This is the recursive method used to deserialize the string for the BST.

We start by checking the end condition. Note that as we traverse the string[] we need to find the nodes that belong to the left or the right sub trees.

We create a node and use the index (ndx) to locate the proper node.

Once we get the index, we recursively traverse the left and right sub trees. Note how the arguments to the recursive call are set.

When all is set and done we return the current root for the BST. On the last call we should have the original BST.

If you are interested in the performance numbers for this implementation you can find them in the code in my GitHub repository. The first set is for the first pass we just covered. The second set for the pass we will visit next.

/** * Decodes your encoded data to tree. * * Entry for recursive call. */ public TreeNode deserialize(String tree) { // **** sanity check **** if (tree.isEmpty()) return null; // **** populate the queue with the serialized data **** Queue<String> q = new LinkedList<>(Arrays.asList(tree.split(" "))); // **** deserialize the BST **** return deserialize(q, Integer.MIN_VALUE, Integer.MAX_VALUE); }

This is the entry point for the second implementation of the entry point for the deserialize() method.

We perform a sanity check. This takes care of empty BST strings.

We split the input string and convert the resulting array to a list which we store into the queue.

We then call the recursive method associated with this entry point.

/** * Recursive call. */ private TreeNode deserialize(Queue<String> q, int start, int end) { // **** end condition **** if (q.isEmpty()) return null; // **** get next string (node value) from the queue **** String s = q.peek(); // ???? ???? System.out.println("deserialize <<< s ==>" + s + "<=="); // **** convert to integer **** int val = Integer.parseInt(s); // ???? ???? System.out.println("deserialize <<< val: " + val + " start: " + start + " end: " + end); // **** skip this node (if needed) **** if (val < start || val > end) return null; // **** remove node from the queue **** q.poll(); // **** generate node for this value **** TreeNode root = new TreeNode(val); // **** process left subtree **** root.left = deserialize(q, start, val); // **** process right subtree **** root.right = deserialize(q, val, end); // **** return root of BST **** return root; }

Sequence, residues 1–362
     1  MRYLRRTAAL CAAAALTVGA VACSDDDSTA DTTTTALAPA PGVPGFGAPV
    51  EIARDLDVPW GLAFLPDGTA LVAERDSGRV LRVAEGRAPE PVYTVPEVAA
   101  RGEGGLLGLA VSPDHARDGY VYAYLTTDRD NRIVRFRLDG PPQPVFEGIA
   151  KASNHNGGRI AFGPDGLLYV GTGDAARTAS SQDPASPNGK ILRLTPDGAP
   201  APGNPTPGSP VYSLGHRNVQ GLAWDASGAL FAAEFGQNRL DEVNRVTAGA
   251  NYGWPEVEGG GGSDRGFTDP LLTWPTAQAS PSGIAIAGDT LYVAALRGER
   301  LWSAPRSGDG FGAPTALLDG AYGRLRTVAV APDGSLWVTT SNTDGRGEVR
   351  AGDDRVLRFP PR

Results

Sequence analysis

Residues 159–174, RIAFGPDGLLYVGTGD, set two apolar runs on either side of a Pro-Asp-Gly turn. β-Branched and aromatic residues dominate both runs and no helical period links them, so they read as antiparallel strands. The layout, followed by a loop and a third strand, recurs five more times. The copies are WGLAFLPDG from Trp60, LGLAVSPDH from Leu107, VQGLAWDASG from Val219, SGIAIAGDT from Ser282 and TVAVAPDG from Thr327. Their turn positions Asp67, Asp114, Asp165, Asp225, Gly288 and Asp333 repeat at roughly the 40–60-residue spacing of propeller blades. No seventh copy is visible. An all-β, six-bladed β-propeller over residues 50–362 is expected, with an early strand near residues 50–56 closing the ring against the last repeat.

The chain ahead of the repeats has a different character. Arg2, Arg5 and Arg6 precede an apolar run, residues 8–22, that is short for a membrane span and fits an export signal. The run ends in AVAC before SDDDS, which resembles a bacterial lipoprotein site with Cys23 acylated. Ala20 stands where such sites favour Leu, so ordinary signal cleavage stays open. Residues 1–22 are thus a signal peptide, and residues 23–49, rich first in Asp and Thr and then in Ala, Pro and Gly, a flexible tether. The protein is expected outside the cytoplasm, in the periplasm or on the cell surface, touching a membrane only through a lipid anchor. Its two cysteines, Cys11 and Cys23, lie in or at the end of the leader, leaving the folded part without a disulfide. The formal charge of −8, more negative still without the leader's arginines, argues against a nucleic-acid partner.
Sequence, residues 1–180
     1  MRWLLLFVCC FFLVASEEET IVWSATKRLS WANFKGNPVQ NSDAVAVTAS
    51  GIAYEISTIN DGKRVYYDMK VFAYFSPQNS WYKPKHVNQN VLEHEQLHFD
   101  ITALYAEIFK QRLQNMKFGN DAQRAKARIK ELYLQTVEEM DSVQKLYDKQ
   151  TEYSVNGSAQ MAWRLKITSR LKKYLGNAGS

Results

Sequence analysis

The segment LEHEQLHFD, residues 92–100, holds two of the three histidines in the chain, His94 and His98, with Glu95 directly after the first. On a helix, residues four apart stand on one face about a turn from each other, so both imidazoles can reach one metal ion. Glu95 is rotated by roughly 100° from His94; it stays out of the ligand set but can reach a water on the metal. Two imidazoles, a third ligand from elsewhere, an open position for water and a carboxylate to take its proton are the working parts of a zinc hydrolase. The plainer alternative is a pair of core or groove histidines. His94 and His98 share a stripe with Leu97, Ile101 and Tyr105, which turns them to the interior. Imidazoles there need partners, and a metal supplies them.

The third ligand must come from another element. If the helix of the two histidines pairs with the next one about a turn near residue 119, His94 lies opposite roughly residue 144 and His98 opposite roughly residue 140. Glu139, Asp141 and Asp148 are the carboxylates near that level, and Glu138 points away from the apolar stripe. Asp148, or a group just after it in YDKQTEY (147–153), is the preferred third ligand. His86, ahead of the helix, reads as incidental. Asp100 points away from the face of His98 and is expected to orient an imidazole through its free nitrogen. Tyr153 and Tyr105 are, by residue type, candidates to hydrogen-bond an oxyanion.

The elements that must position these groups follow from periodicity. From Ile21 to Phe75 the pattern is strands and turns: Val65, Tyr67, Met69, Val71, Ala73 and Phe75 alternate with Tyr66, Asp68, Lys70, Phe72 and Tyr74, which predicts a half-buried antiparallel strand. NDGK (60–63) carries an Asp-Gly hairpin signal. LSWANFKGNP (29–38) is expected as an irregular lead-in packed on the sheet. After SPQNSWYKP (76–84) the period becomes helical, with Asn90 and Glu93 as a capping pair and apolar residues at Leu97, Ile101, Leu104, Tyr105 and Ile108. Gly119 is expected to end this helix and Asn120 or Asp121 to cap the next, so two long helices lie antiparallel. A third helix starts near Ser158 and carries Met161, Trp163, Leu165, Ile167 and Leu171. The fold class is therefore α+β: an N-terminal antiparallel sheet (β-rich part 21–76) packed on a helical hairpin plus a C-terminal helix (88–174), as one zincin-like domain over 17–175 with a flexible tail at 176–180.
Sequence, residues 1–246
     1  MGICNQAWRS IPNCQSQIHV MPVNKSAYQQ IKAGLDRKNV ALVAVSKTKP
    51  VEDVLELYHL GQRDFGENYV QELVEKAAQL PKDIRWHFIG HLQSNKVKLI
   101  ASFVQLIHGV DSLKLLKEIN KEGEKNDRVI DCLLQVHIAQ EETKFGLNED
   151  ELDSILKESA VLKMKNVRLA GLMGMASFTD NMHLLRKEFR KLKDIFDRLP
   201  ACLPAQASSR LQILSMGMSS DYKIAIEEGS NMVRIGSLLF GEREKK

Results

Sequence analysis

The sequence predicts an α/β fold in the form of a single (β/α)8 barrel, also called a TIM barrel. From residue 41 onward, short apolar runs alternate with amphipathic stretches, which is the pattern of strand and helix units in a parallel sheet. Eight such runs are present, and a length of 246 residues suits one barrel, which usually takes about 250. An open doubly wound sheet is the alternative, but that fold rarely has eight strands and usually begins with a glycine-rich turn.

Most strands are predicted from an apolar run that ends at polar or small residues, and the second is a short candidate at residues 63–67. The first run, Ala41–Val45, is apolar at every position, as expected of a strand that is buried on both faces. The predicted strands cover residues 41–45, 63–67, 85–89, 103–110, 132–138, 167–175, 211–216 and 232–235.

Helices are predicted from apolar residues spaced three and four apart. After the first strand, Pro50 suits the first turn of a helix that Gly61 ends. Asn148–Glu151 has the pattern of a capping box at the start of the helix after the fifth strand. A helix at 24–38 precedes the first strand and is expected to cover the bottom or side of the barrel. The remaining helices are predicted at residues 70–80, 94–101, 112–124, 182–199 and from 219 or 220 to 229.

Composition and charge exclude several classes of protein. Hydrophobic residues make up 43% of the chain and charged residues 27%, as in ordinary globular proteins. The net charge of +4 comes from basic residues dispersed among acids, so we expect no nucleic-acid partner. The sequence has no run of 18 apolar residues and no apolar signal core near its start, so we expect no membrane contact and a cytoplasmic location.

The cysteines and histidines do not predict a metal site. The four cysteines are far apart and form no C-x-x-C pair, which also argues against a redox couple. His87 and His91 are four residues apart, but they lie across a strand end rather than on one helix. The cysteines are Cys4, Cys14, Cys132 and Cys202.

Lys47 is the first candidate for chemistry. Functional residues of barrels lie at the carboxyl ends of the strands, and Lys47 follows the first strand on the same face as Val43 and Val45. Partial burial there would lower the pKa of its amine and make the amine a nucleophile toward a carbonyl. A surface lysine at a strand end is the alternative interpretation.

We start by checking the end condition.

If we are not there yet, we peek into the queue. We get the value for the next node.

We then check if the node does not belong to the BST at this time.

If it does, we create a node with the specified value.

We recursively visit the left and then the right sub trees. Note that the calls are performed with different ranges.

When all is said and done we return the original BST that was serialized into the associated string.

This method closely represents a Breadth First Search algorithm that we have seen in previous posts e.g., BST Search.

Hope you enjoyed solving this problem as much as I did. The entire code for this project can be found in my GitHub repository.

If you have comments or questions regarding this, or any other post in this blog, please do not hesitate and leave me a note below. I will reply as soon as possible.

Keep on reading and experimenting. It is one of the best ways to learn, become proficient, refresh your knowledge and enhance your developer toolset.

Thanks for reading this post and feel free to connect with me **John Canessa** at LinkedIn.

Regards;

**John**